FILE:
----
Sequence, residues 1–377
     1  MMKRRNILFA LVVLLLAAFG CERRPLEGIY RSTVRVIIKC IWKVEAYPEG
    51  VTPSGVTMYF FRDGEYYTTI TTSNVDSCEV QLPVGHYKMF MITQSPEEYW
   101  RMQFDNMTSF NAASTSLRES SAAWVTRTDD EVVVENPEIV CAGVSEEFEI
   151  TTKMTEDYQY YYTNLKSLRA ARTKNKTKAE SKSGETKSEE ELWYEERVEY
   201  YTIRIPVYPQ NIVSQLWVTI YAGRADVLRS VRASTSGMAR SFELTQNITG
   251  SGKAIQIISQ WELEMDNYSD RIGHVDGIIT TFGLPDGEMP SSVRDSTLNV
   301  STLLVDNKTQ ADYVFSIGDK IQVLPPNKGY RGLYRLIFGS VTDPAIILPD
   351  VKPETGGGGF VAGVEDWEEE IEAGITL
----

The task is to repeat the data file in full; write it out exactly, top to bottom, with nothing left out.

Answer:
Sequence, residues 1–377
     1  MMKRRNILFA LVVLLLAAFG CERRPLEGIY RSTVRVIIKC IWKVEAYPEG
    51  VTPSGVTMYF FRDGEYYTTI TTSNVDSCEV QLPVGHYKMF MITQSPEEYW
   101  RMQFDNMTSF NAASTSLRES SAAWVTRTDD EVVVENPEIV CAGVSEEFEI
   151  TTKMTEDYQY YYTNLKSLRA ARTKNKTKAE SKSGETKSEE ELWYEERVEY
   201  YTIRIPVYPQ NIVSQLWVTI YAGRADVLRS VRASTSGMAR SFELTQNITG
   251  SGKAIQIISQ WELEMDNYSD RIGHVDGIIT TFGLPDGEMP SSVRDSTLNV
   301  STLLVDNKTQ ADYVFSIGDK IQVLPPNKGY RGLYRLIFGS VTDPAIILPD
   351  VKPETGGGGF VAGVEDWEEE IEAGITL